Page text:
Quintet Edges B.U., 75-71 As Jeff Grate Scores 23
Just as Harvard's basketball team was about to go down for the third time, a full-court press, some flawless foul shooting, and a brilliant sophomore named Jeff Grate rescued the quintet and gave them a 75-71 victory over Boston University last night.
Grate must be the tallest 6-1 man in the country. He has fantastic jumping ability and can dunk the ball without straining. Last night his shooting, driving, and overall hustle were just as impressive: Grate scored 23 points, with seven-for-ten from the foul line.
The first 10 minutes of last night's game, while Grate was sitting on the bench, contained some of the worst all-around play in the long, ignominious history of Harvard basketball. The Crimson sank a grand total of two field goals; only B.U.'s ineptitude kept the score as low as 16-6.
B.U. extended its margin to 20-11 with 6:41 left in the half; then Grate came into the game and Harvard switched to its press. It thoroughly discombobulated the Terriers, forcing them to foul and commit numerous ball-handling errors.
Harvard reeled off 10 straight points. Grate sank three foul shots, and Gene Dressler hit a jumper from the corner. Then Grate stole the ball, leaped above the basket, and dropped the ball over his right shoulder into the hoop. His foul shot made the score 20-19 and successful drive by Keith Sedlacek put Harvard in front for the first time. The Crimson led at halftime, 33 to 28, and never relinquished the lead.
Throughout the contest, Harvard's shooting was dreadful. The Crimson sank only 21 of 69 shots. The baskets seemed live, and dozens of shots which looked good rolled around and spun out. B.U., however, sank an excellent 53 per cent of its shots.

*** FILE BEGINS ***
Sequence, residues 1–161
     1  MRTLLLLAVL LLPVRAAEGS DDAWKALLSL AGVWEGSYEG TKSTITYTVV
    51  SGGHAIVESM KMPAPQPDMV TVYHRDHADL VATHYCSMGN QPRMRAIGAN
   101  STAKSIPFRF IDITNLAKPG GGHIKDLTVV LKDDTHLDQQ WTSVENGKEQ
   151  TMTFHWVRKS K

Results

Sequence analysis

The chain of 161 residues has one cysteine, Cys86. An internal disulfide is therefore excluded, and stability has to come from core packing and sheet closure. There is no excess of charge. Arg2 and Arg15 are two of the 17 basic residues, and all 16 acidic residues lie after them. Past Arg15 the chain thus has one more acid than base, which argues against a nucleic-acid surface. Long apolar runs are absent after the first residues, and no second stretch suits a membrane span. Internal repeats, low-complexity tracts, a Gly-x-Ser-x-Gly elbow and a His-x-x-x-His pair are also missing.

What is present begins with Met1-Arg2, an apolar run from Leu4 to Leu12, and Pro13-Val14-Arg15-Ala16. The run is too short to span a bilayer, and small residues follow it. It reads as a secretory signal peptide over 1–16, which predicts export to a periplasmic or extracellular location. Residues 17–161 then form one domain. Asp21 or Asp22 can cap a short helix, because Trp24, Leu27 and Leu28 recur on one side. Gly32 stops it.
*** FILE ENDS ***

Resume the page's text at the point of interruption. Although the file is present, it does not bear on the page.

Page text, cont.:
It was Harvard's foul shooting that made the difference. The Crimson was 33-for-39, and missed only one of 21 shots in the second half. The Terriers got only 15 foul shots, and missed 10 of them.
Harvard rolled up a big lead early in the second half. Grate scored nine points in seven minutes; the Crimson built up a 57-42 advantage and looked as if it could coast for the rest of the way. With 3:06 to play, Harvard's lead was still a comfortable 71-61.
But then the Crimson's zone defense began to wilt, B.U.'s Steve Pugatch (who had 25 points for the night) drove in for a hook shot, Randy Robinson scored on a drive, and Larry Gluck swished a 25-foot bomb, John Scott sank two foul shots for Harvard, but B.U. came right back with two quick baskets. Harvard led, 73 to 71, with 13 seconds on the clock.
Gene Dressler threw the ball into Grate, who had the ball stolen by Ken Ackerman. The B.U. guard fired the ball to 6-7 John Osgood underneath the basket. But Harvard's George Neville alertly knocked the ball out of Osgood's hands; it bounced off his foot and out of bounds. That gave Harvard possession, and sewed up the victory.
After Grate, Sedlacek was Harvard's leading scorer with 16 points. Dressler had 15 and Scott 12. Barry Williams snared 16 rebounds for the Crimson